Best Dishes of 2007

For some, 2007 will forever be the year of wide stances in public bathrooms, but for foodies, other moments stand out

My meals at Mission this past fall were all over the map (see full review in CP 11/07/07). Yet, when I look back in my little mind, the tasting meal of one Saturday night shines and beckons to me: If you could relive one meal of the year, wouldn't this be the one? Yes, Mind, I answer, and since I've got you on the line, where exactly is the spare set of house keys? But then I find my Mind is unresponsive, again dwelling on that magical Saturday: a king crab souffle like some kind of cream-salt vapor reaching up from the ocean depths; squab as scarlet as berries, as deep and winy as Port made flesh; spaghetti with a pigeon Bolognese as earthy and rich as a whole forest; foie gras thrumming with the freshest, most elemental notes of iron and butter—what a night, what a night! Mission American Kitchen, 77 S. Seventh St., Minneapolis, 612.339.1000; www.missionamericankitchen.com.

3) Scallops at Grand Café Minneapolis

High on my list of restaurants to watch is the Grand Café Minneapolis (the former Bakery on Grand.) This is because chef Jon Radle, formerly a cook at Auriga, La Belle Vie, Corner Table, and many others, took over in August and has been slowly rolling out his own menus, replacing ones I found decidedly ho-hum. Radle tells me he'll consider the restaurant truly ready for prime time in late January, when his sideman comes back from paternity leave, and frankly, I can't wait, as one dinner I had there has haunted me with its excellence. The highlight was four diver-caught scallops perfectly seared, presented on a bed of saffron-and-tomato risotto that was as evocative and bewitching as a melody heard over water. Grand Café Minneapolis, 3804 Grand Ave. S., Minneapolis, 612.822.8260; www.grandcafempls.com.

4) So much at La Belle Vie

I field a lot of reader requests looking for the best restaurant in town for an engagement, major birthday, anniversary, gift certificate for the parents, and whatnot, and lately my answer feels like a skipping broken record: La Belle Vie, La Belle Vie, La Belle Vie. What can I say? It seems like the only place in town these days that has service to match the food. In my experience, servers there roll about on silent wheels, meeting your needs before you even know you have them. I love that. Does it sound like I'm damning the food by praising the service? I don't mean to—the food remains nothing short of spectacular. And here's a hot tip: Did you know the lounge offers a $40-per-person tasting menu? It's true. They've been doing it all year now, and when I dropped in to try it, I was blown away. There was a gorgeously clear and dark pheasant consommé with foie gras agnolotti and a darling poached quail egg; sautéed skate with roasted beets, blood orange, and black olive; a grilled beef fillet with Jerusalem artichokes, porcini mushrooms, and a beautifully gelatinous and silky oxtail marmalade; and, for dessert, lemon-scented financier (a light French pastry) with blood-orange curd, mascarpone sorbet, and candied kumquats. Add a supplemental wine flight for $25. This is just the sort of opulent but not bank-breaking splurge that these days of constant mortgage crisis call for. La Belle Vie, 510 Groveland Ave., Minneapolis, 612.874.6440; www.labellevie.us.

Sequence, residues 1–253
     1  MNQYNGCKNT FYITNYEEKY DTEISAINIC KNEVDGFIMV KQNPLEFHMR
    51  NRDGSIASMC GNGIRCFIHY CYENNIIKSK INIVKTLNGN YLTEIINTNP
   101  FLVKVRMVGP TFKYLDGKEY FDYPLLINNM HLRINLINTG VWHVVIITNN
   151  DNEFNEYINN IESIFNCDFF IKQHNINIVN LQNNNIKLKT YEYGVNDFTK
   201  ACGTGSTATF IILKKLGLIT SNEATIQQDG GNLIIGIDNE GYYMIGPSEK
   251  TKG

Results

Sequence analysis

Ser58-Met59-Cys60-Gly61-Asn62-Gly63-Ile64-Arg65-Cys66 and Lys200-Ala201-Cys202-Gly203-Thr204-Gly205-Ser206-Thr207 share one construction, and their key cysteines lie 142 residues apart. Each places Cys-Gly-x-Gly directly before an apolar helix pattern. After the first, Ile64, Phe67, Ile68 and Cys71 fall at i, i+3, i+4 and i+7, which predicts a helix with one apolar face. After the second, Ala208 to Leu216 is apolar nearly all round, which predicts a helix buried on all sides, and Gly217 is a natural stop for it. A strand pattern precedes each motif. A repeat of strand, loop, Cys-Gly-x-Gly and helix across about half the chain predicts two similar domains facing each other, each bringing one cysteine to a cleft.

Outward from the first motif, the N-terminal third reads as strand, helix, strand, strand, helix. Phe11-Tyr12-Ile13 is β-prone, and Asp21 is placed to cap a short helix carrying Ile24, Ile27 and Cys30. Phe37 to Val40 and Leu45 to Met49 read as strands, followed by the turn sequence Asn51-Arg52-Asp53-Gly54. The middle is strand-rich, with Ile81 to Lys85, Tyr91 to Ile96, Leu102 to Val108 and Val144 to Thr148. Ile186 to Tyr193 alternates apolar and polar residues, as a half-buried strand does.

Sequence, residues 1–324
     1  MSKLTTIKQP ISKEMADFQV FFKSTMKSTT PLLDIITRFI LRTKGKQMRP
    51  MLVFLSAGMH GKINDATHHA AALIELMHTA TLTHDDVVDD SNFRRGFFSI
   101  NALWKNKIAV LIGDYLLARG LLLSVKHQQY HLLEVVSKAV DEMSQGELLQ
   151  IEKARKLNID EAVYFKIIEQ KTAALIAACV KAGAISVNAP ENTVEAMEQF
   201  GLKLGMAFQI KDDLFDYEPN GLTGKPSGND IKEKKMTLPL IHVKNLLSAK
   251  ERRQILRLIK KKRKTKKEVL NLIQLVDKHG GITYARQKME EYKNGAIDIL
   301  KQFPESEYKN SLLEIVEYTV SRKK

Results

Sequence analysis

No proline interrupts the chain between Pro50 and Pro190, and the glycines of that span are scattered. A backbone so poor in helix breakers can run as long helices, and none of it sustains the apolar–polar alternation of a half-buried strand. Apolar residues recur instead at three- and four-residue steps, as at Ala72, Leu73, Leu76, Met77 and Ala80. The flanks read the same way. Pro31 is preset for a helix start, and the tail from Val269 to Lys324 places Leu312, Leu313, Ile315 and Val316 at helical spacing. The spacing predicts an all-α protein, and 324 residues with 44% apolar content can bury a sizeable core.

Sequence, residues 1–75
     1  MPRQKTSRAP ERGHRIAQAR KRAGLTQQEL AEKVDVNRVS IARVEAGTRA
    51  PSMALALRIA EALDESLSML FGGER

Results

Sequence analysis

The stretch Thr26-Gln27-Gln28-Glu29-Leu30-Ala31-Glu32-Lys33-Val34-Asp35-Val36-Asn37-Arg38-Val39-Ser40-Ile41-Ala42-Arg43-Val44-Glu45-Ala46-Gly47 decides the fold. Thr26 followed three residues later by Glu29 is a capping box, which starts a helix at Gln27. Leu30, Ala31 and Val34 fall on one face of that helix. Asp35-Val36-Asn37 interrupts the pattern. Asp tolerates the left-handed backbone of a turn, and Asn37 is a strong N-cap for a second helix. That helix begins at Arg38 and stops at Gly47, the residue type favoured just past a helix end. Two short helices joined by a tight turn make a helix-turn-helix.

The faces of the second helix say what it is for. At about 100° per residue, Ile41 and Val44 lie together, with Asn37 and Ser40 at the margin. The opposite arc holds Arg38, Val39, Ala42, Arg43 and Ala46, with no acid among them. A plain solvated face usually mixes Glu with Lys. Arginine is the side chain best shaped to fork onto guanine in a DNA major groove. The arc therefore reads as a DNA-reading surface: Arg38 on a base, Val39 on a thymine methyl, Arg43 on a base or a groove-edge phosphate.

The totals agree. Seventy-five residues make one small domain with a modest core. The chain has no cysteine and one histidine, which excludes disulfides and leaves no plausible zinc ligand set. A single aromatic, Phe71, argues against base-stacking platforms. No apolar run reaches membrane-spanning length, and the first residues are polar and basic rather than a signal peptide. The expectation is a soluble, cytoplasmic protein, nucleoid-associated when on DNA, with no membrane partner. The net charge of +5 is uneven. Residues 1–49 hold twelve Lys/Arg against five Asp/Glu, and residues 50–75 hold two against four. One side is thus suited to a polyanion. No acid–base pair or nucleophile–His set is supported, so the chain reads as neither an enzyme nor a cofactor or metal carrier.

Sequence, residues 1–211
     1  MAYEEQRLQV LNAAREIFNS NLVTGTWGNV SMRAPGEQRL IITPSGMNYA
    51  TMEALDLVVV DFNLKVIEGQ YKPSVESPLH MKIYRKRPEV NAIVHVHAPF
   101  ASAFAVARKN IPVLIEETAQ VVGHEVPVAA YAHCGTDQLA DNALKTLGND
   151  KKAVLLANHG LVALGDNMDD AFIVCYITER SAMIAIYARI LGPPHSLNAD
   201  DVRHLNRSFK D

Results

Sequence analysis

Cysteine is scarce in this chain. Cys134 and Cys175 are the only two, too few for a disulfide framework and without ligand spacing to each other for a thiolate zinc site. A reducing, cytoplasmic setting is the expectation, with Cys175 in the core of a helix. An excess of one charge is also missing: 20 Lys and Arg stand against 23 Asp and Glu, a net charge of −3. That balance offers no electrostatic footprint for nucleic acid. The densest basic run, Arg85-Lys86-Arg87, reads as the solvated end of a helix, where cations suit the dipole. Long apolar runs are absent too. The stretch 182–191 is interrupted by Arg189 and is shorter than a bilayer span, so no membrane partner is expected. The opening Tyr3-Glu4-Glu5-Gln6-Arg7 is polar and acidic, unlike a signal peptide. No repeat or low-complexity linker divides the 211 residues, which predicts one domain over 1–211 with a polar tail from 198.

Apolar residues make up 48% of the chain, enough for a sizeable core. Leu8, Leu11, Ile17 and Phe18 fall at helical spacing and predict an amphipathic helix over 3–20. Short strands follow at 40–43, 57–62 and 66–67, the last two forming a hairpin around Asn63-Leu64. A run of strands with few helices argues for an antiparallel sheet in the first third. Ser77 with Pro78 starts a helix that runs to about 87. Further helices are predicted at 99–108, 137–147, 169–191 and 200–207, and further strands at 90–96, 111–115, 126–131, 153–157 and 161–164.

5) Just about everything in the wine bar at Heartland

More-than-pleasant pheasant: Stewart Woodman makes a triumphant return to the local  restaurant scene with Heidi's
Alma Guzman
More-than-pleasant pheasant: Stewart Woodman makes a triumphant return to the local restaurant scene with Heidi's

I entertain visiting restaurant critics and super-power foodies pretty often over the course of a year, and I've noticed two things: One, they always want to go to 112 Eatery. (Which I ate at four or five times this year, and, frankly, I find it less than it was when it opened. Am I just poisoned by opening memories? It's not like there's anything wrong with it, it's just that all year I find the place superior but never spectacular. Maybe I'm just ordering wrong. I don't know. It's probably me, not them.) And two, I always want to show off the wine bar at Heartland, which I find nothing short of spectacular, and spectacularly reliable. One unforgettable bunch of appetizers featured a house-made duck breast prosciutto that had a salty, gossamer-berry intensity; a hedgehog-mushroom wild rice soup that tasted like everything I love about shade-saturated Minnesota wild lands, focused to a laser-like intensity and shot through with cream; and smoked lamb ribs so meaty, so big-flavored, so intense and pleasurable I wanted to pound my fist on the wine-bar counter in satisfaction with just how show-offable the great foods of the upper Midwest really are. Heartland Restaurant, 1806 St. Clair Ave., St. Paul, 651.699.3536; www.heartlandrestaurant.com.

6) Pasta with wild boar at Broders' Pasta Bar

When I asked readers for their recommendations for the most essential, can't-miss restaurants for an ongoing project, one answer came thundering in: Broders', Broders', Broders'! Well, thank you, readers, because were it not for your letters I would have missed one of the best pasta dishes of my life, namely the "Fettuccine con cinghiale": soft, silky house-made fettuccine topped with staggeringly concentrated, spoonably soft bits and shreds of wild boar cooked with porcini mushrooms, chestnuts, and caramelized onions. Mmm, it was like eating the atmosphere in a Brothers Grimm fairytale: big, dark, wild, unknowable, irresistible. Broders' Pasta Bar, 5000 Penn Ave. S., Minneapolis, 612.925.9202; www.broders.com.

7) Beef ribs at Big Daddy's

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